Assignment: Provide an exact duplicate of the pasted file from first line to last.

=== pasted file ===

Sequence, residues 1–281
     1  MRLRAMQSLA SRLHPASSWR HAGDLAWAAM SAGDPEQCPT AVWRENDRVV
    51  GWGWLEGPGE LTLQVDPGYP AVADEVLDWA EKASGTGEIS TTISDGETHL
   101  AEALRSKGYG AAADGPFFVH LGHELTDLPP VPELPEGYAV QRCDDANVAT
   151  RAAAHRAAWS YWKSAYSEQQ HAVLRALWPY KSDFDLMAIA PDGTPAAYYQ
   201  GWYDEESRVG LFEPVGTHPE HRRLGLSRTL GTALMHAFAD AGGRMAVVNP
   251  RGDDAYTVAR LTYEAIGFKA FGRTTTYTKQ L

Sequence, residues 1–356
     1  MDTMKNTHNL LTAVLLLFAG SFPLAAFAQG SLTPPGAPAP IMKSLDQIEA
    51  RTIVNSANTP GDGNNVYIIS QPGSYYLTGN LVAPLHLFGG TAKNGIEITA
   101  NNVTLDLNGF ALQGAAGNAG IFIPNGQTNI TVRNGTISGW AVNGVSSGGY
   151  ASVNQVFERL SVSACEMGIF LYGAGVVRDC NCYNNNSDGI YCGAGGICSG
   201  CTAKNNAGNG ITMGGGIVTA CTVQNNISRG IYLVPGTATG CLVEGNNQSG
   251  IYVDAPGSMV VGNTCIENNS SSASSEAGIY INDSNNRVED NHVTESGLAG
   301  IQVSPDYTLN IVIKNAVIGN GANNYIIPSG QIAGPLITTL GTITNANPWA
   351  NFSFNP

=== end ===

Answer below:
Sequence, residues 1–281
     1  MRLRAMQSLA SRLHPASSWR HAGDLAWAAM SAGDPEQCPT AVWRENDRVV
    51  GWGWLEGPGE LTLQVDPGYP AVADEVLDWA EKASGTGEIS TTISDGETHL
   101  AEALRSKGYG AAADGPFFVH LGHELTDLPP VPELPEGYAV QRCDDANVAT
   151  RAAAHRAAWS YWKSAYSEQQ HAVLRALWPY KSDFDLMAIA PDGTPAAYYQ
   201  GWYDEESRVG LFEPVGTHPE HRRLGLSRTL GTALMHAFAD AGGRMAVVNP
   251  RGDDAYTVAR LTYEAIGFKA FGRTTTYTKQ L

Sequence, residues 1–356
     1  MDTMKNTHNL LTAVLLLFAG SFPLAAFAQG SLTPPGAPAP IMKSLDQIEA
    51  RTIVNSANTP GDGNNVYIIS QPGSYYLTGN LVAPLHLFGG TAKNGIEITA
   101  NNVTLDLNGF ALQGAAGNAG IFIPNGQTNI TVRNGTISGW AVNGVSSGGY
   151  ASVNQVFERL SVSACEMGIF LYGAGVVRDC NCYNNNSDGI YCGAGGICSG
   201  CTAKNNAGNG ITMGGGIVTA CTVQNNISRG IYLVPGTATG CLVEGNNQSG
   251  IYVDAPGSMV VGNTCIENNS SSASSEAGIY INDSNNRVED NHVTESGLAG
   301  IQVSPDYTLN IVIKNAVIGN GANNYIIPSG QIAGPLITTL GTITNANPWA
   351  NFSFNP